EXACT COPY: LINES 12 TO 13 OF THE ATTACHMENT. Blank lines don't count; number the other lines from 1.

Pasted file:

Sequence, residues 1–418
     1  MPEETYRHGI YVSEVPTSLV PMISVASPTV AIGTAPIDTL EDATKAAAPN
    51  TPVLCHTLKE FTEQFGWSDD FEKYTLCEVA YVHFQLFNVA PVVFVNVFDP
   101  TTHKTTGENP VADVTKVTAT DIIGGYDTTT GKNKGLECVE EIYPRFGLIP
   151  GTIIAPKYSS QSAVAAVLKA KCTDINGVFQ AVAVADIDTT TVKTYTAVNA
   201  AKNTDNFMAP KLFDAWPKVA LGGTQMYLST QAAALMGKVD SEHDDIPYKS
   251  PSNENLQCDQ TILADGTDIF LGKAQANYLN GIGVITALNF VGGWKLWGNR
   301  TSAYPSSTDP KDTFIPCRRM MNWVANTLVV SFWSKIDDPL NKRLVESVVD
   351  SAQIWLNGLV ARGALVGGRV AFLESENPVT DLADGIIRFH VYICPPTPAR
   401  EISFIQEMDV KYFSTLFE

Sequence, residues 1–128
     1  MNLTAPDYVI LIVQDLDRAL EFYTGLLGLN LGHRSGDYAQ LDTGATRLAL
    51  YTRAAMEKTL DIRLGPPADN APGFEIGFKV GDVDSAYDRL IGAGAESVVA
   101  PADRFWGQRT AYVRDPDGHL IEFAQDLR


     1  MNLTAPDYVI LIVQDLDRAL EFYTGLLGLN LGHRSGDYAQ LDTGATRLAL
    51  YTRAAMEKTL DIRLGPPADN APGFEIGFKV GDVDSAYDRL IGAGAESVVA